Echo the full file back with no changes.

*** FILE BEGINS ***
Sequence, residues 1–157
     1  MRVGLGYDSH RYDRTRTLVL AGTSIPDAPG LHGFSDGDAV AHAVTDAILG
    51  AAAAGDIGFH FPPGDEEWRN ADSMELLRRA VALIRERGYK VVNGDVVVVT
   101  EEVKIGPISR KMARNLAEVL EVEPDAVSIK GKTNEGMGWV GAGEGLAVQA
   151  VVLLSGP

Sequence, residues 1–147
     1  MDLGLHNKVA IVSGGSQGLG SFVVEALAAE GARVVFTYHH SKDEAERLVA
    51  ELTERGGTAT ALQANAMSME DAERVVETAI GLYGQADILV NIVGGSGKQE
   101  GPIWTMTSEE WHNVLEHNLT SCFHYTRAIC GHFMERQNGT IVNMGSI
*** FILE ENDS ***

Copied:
Sequence, residues 1–157
     1  MRVGLGYDSH RYDRTRTLVL AGTSIPDAPG LHGFSDGDAV AHAVTDAILG
    51  AAAAGDIGFH FPPGDEEWRN ADSMELLRRA VALIRERGYK VVNGDVVVVT
   101  EEVKIGPISR KMARNLAEVL EVEPDAVSIK GKTNEGMGWV GAGEGLAVQA
   151  VVLLSGP

Sequence, residues 1–147
     1  MDLGLHNKVA IVSGGSQGLG SFVVEALAAE GARVVFTYHH SKDEAERLVA
    51  ELTERGGTAT ALQANAMSME DAERVVETAI GLYGQADILV NIVGGSGKQE
   101  GPIWTMTSEE WHNVLEHNLT SCFHYTRAIC GHFMERQNGT IVNMGSI